For environment-friendly persons, its a great news that solar powered aircrafts are going to become a reality in just some years. These days aircrafts uses fuel that releases large amount of hazardous gases that is threat for nature.
Coming from a family of explorers, Piccard made history in March 1999 with a nonstop, around-the-world flight in a hot-air balloon. Now Piccard has set his sights on another ambitious adventure: an around-the-world flight in a solar-powered airplane, the Solar Impulse.
He imagined an aircraft that would take off and climb under its own power, using only energy derived from the sun. At night, the aircraft would remain airborne using battery power.
The proposed aircraft will have to harvest as much solar radiation as possible, store it in extremely high-density, low-weight batteries, convert the energy to propulsive force with superb efficiency, and lose as little as possible in aerodynamic drag. When all the components of the plane are integrated, the result will be an aircraft engineered to razor-thin tolerances. Even the pilot's clothing will be made of special lightweight material.
Piccard hopes his solar plane will be completely self-sustaining and capable of flying continuously, even at night, at altitudes up to 32,800 feet (10,000 meters). "It's a huge project," Piccard conceded. "The plane will have an 80-meter (262-foot) wingspan, which is larger than any commercial aircraft."
Piccard estimates that enough power can be generated to sustain a flight of roughly 60 miles an hour (97 kilometers an hour). The batteries used to fly the plane at night must be incredibly dense, capable of storing 200 watts per kilogram (2.2 pounds).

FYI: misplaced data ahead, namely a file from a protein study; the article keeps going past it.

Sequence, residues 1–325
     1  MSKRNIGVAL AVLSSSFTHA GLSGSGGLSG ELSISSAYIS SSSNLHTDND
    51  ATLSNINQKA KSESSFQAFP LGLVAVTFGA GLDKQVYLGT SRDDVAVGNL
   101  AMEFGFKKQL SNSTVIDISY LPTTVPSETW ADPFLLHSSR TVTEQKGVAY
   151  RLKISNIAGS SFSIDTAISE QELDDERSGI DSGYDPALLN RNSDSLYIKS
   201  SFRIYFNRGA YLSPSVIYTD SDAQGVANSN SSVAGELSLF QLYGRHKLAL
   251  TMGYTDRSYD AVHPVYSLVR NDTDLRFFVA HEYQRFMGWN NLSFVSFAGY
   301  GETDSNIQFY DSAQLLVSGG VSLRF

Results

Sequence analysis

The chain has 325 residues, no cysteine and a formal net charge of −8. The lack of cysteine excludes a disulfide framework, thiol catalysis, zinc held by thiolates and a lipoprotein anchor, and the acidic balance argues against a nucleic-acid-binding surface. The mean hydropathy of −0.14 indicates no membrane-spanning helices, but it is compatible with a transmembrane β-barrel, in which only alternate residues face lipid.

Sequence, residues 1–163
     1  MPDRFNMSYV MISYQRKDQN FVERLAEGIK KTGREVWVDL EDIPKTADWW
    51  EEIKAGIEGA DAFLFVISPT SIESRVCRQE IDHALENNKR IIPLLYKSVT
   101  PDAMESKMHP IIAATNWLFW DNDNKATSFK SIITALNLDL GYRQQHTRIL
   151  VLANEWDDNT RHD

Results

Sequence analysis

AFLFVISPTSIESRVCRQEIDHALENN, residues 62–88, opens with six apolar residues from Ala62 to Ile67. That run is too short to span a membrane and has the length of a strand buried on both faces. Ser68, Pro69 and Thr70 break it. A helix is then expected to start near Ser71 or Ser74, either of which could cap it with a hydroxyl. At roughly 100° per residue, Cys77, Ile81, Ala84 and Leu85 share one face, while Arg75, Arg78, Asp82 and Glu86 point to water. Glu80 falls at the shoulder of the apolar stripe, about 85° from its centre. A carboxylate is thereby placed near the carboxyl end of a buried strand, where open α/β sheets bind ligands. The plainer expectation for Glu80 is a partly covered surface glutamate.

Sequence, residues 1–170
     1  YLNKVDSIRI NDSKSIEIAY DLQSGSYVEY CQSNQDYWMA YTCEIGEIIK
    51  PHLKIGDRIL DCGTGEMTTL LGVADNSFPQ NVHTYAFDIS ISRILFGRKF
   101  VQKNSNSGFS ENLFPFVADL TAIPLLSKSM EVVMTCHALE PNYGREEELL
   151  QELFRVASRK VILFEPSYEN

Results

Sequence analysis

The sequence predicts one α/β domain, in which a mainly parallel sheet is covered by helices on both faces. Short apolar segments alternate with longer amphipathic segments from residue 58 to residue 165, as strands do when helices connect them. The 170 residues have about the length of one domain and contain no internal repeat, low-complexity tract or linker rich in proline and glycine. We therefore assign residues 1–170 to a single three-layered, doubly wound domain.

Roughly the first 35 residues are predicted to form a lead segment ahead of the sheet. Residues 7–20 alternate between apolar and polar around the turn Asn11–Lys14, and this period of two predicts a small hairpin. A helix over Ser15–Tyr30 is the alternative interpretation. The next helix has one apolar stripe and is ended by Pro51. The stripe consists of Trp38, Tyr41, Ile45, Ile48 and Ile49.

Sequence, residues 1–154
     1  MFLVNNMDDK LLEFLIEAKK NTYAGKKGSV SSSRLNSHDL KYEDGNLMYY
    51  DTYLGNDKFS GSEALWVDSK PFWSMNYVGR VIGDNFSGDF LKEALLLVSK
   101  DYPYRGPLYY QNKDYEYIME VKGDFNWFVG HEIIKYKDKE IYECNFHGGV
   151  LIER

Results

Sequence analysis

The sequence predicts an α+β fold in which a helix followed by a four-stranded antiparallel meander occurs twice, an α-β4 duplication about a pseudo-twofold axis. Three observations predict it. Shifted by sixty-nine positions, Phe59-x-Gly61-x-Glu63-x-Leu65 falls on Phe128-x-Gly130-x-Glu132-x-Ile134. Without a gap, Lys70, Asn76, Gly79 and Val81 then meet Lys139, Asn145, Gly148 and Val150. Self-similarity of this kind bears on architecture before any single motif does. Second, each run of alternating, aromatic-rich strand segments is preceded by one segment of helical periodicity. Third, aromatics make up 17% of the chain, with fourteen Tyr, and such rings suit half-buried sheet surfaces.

If the first flight is successful, the 1.5-tonne plane will make a 36-hour flight through the night in 2009, piloted by round-the-world ballooning pioneer Bertrand Piccard.
While pilot-less planes have already accomplished the feat, it is far more difficult with the added size and weight of a pilot on board.
One of the big challenges for the solar flight is how to store enough energy in batteries from its array of solar panels to keep the ultra-lightweight aircraft flying in darkness.
Another issue is how to stretch carbon sheet just a few tenths of millimetres thick over lengths of up to 20m.
The final version of the aircraft is expected to have 250 square metres of solar panels stretched across an almost 80m wingspan, similar in width to the new A380 Airbus superjumbo that made its maiden flight to Australia last month.
However, while the Airbus A380 weighs 580 tonnes, the Solar Impulse will be a mere 2 tonnes.
The US$101 million project aims to emulate the achievements of aviation pioneer Charles Lindbergh, who in 1927 made the world's first solo, non-stop transatlantic flight, but with a solar-powered twist.
The Swiss Federal Institute for Technology (EPFL) has signed on as the project's official scientific advisor.
The reduced-size model, which has a 61m wingspan, is now being built in northern Switzerland to test the technology involved in the full-size Solar Impulse aircraft.
The project's goals include a transatlantic crossing in 2011 before what would be a historic, fuel-less circumnavigation of the globe.
About 150 specialists from six countries are involved in designing Solar Impulse, which is expected to break new ground with its aerodynamics, control systems, energy efficiency, materials and structure.
Hope, this will put an ignition to make other innovations for the effective use of solar-energy utilization and make our Earth less polluted.